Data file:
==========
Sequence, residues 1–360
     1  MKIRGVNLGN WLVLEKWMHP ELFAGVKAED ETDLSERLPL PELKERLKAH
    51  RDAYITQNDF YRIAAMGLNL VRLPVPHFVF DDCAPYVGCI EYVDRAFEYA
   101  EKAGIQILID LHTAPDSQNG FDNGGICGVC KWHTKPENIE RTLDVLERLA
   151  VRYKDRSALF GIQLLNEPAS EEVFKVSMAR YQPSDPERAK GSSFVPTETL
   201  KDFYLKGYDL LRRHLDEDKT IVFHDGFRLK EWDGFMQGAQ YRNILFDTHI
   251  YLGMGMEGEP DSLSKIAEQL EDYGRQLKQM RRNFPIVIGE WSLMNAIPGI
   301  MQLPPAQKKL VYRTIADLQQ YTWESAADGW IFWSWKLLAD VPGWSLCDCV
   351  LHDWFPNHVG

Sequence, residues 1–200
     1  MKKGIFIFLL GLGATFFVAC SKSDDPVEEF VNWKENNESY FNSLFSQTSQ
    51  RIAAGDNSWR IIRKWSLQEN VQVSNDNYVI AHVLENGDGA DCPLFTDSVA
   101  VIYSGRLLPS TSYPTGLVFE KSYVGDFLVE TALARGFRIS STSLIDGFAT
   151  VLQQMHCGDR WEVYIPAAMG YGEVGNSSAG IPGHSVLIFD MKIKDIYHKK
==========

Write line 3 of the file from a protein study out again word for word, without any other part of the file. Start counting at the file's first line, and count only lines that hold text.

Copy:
    51  RDAYITQNDF YRIAAMGLNL VRLPVPHFVF DDCAPYVGCI EYVDRAFEYA